Francois Truffaut was one of the critics for Cahiers du Cinéma, the seminal French film journal of the 1950s and ’60s, and one of the founders of the Nouvelle Vague (the New Wave), the inconoclastic film movement of the mid-’50s. The critics were dissatisfied with contemporary French cinema, accusing it of having lapsed into complacency. They sought a new cinema, a personal, auteurist cinema, one that depicted real life with urgency and verisimilitude.
But these weren’t your average armchair critics. These were men with the talent to back up their arguments. And Truffaut did just that.
His first film, The 400 Blows, was a revelation. Truffaut examined the life of Antoine Doinel, a 13-year-old boy on the cusp of adolescence and adulthood, played by Jean-Pierre Leaud. It is one of cinema’s greatest portrayals of childhood and adolescence, full of humor, wit, sadness and beauty.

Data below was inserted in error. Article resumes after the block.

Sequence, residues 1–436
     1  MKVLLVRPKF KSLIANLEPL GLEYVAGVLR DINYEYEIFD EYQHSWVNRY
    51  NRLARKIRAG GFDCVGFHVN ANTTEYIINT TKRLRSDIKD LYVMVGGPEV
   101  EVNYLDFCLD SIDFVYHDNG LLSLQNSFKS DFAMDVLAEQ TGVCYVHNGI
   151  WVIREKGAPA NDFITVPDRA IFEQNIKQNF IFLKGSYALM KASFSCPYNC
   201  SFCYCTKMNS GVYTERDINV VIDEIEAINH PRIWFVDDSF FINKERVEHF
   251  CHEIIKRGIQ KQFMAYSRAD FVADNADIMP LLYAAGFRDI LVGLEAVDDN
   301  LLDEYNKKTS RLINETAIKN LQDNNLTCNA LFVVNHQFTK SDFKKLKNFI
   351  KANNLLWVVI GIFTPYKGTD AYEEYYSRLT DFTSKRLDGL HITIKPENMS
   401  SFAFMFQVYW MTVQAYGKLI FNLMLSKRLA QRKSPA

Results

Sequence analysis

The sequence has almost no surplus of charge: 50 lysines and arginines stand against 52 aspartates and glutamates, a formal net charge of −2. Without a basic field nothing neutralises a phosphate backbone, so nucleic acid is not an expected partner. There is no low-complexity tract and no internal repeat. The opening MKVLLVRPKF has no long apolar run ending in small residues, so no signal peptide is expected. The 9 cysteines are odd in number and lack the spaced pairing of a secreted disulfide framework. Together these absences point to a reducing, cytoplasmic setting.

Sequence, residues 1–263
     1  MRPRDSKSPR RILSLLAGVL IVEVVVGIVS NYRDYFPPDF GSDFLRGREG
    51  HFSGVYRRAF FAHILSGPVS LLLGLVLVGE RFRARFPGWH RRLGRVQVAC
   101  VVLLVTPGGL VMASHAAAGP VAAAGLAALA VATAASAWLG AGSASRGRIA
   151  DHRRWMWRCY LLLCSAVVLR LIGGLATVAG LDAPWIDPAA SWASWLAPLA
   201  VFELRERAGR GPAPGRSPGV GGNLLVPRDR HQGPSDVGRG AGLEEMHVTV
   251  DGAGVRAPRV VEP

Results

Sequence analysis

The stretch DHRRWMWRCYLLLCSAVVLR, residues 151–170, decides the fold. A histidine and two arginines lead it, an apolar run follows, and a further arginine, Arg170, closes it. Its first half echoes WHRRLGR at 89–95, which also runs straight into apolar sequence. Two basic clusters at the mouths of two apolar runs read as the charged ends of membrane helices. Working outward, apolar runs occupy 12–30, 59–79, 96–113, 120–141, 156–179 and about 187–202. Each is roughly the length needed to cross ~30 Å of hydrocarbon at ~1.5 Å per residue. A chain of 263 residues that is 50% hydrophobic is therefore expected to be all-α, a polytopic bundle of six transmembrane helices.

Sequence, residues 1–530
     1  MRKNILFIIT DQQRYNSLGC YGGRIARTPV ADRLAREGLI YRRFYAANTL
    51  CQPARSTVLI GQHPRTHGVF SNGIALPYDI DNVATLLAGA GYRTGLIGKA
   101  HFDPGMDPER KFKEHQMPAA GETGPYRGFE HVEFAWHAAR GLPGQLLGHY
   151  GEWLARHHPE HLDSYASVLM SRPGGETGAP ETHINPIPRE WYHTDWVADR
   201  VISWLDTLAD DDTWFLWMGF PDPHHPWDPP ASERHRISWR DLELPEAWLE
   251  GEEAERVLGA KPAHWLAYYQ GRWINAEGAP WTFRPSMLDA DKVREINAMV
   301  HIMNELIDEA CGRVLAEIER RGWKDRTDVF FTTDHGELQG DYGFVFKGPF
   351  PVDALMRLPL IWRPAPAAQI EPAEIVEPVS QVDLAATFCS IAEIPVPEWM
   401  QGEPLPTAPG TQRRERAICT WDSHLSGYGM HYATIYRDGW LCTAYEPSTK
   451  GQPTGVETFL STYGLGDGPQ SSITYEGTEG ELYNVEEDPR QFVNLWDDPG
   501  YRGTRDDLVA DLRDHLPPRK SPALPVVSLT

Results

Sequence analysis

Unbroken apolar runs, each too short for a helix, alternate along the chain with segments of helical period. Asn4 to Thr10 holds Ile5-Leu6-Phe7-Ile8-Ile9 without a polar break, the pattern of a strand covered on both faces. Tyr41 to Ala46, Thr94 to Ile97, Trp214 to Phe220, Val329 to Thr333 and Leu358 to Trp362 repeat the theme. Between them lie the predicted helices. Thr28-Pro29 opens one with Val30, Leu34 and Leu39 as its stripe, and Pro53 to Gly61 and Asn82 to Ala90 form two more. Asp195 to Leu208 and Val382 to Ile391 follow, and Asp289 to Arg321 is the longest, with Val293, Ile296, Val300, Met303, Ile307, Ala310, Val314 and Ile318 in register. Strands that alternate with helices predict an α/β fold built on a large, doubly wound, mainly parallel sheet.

Truffaut uses his locales masterfully. When Antoine and a friend ditch school, they venture to an amusement park, one whose charms they are beginning to outgrow. One scene shows them taking in a Punch ‘n’ Judy show, where children aged 5 or 6 sit in rapt attention while the two older boys sit in the back, leaning against a wall, jaded but without taking much pleasure in their jadedness, instead seeming to long for the simplicity of childhood.
Antoine then tries out one of the park’s rides, what is sometimes today called the Gravitron, a circular room that spins until the customers are pinned to the wall. The world begins to hurdle by in mad rush for Antoine, the chaos and confusion of adolescence made concrete and dizzying.
But perhaps the most famous image from The 400 Blows is the final frame, an ambiguous but powerful conclusion wherein Antoine, seeking escape and refuge, runs away across landscapes and along winding roads, through bushes and trees and finally to the sea, whereupon the frame freezes as Antoine turns from the sea to face the camera. Is it a dead end? Has he learned that he can run away from everything but not himself? Has he essentially quit running and turned to confront his life and his problems? Is it despair or is it epiphany? Or both? Truffaut’s genius was in capturing the essence of the dilemma, all too aware that solutions are much harder to come by.
Photograph: Jean-Pierre Leaud in Francois Truffaut’s New Wave classic The 400 Blows.